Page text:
Yes, football players can be assholes. Yes, they sometimes degrade women. But is that a malady that is so unique to football players? What about the way
Hollywood treats women? The music industry? Men in general. I would be more supportive of this argument if it seemed to come more from a place of genuinely wanting to
look out for women and less from a place of wanting to knock football players down a few pegs. The primary focus during this entire controversy has been on
Ray Rice when it actually should have been on his then-fiancee Janay Rice (nee Palmer).
Does anyone know the names of the two men who tortured Matthew Shepard and left him to die in 1998. Regardless of whether the crime was motivated by
Shepard's sexuality, as the victim, he was always central to the story. In death, he became a martyr, an enduring symbol of the ongoing gay-rights movement, though in life, he hadn't made any notable contributions to it. If Twitter had existed back then, "#MatthewShepard" would have been trending for weeks.
We may be more desensitized to violence against women than we are to gay men being brutalized to death, but that's no reason to make the victim of domestic abuse a secondary player, an afterthought, in a
case that should be all about her. Many people probably still don't even know the name Janay Rice, which as far as I can tell, never trended on Twitter. Or
do the specifics about her (other than that she married Rice anyway) not matter because she isn't Rihanna?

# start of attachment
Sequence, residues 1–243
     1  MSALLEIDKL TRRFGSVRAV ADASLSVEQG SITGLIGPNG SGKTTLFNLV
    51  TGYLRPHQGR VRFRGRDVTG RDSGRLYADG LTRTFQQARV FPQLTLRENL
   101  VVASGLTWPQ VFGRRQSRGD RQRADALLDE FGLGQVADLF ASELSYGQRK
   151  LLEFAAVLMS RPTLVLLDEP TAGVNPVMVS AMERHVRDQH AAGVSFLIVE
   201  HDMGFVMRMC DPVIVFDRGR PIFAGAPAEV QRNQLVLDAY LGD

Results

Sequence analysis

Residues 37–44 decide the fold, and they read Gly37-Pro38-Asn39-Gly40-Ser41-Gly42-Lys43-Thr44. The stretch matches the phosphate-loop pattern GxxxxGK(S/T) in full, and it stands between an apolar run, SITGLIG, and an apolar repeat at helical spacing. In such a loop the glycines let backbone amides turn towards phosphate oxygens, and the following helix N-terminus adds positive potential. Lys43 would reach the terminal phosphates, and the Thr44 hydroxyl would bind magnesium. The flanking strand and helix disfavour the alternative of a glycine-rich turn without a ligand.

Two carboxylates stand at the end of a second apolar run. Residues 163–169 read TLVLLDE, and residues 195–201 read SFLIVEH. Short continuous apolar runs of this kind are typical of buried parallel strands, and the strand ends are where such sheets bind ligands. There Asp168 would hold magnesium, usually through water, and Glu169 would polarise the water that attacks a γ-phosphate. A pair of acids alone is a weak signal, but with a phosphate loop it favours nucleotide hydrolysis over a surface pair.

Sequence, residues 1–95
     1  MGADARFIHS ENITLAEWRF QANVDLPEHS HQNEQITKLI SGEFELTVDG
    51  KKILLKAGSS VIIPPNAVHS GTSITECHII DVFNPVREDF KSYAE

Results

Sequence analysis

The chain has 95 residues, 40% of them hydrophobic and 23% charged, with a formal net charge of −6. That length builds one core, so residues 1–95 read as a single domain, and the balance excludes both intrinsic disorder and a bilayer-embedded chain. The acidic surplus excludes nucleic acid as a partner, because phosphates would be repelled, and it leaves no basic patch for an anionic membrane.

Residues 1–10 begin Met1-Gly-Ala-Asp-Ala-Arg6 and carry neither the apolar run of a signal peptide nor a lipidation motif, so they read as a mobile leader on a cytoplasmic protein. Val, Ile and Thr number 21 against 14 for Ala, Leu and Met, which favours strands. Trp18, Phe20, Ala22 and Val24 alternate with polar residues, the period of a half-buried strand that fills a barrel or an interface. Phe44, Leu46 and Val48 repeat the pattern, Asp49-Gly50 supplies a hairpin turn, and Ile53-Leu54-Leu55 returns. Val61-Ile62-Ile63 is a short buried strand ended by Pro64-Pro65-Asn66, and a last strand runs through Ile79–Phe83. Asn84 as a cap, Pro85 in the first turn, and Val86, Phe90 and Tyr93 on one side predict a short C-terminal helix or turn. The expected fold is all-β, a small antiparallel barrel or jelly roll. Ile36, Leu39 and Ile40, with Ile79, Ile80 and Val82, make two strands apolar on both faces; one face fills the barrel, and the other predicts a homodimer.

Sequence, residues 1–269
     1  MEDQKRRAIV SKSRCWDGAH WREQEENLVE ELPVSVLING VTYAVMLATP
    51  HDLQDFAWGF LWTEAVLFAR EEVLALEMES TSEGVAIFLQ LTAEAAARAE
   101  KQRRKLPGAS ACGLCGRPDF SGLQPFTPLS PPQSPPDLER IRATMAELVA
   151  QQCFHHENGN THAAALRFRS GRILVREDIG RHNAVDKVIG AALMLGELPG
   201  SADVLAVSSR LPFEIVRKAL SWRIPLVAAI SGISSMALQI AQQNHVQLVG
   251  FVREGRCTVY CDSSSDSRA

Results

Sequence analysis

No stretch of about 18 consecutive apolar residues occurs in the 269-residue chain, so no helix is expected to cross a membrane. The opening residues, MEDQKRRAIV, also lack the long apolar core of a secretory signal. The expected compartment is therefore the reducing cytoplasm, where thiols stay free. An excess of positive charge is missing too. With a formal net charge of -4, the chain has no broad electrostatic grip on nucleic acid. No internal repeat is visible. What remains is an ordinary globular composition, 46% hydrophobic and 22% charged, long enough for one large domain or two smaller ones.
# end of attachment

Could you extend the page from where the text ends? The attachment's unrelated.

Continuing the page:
So don't tell me this is all about looking out for the best interest of Janay Rice and women like her. It's about Ray Rice's celebrity, our need to be indignant about something (in the social media age, having a voice has become a birthright and being appalled a national pastime), and our need to put a rich and famous jock in his place.
The Marijuana Argument
There's also the idea that domestic abuse is a far more serious offense than smoking marijuana, and the punishment doled out by the NFL should reflect
that. I think that, once again, this is something that needs to be taken up with the legal system, which treats drug offenses far more seriously than
A friend made an interesting suggestion to me: The law actually has inadvertent firing power. If district attorneys were forced to prosecute offenders to
the full extent of the law, especially when there is irrefutable video proof, that would kill two birds with one stone. If people charged and convicted of
domestic abuse were in jail where they belong, then they would be unable to show up for work -- whether their job is in the NFL or at the local deli -- and
ultimately they would end up being fired, without employers having to overstep their authority or rely on way too arbitrary personal-conduct clauses.
But the question would remain: How do we help Janay and other women like her by preventing future incidents of domestic abuse? Or is punishing Rice the
only thing that matters?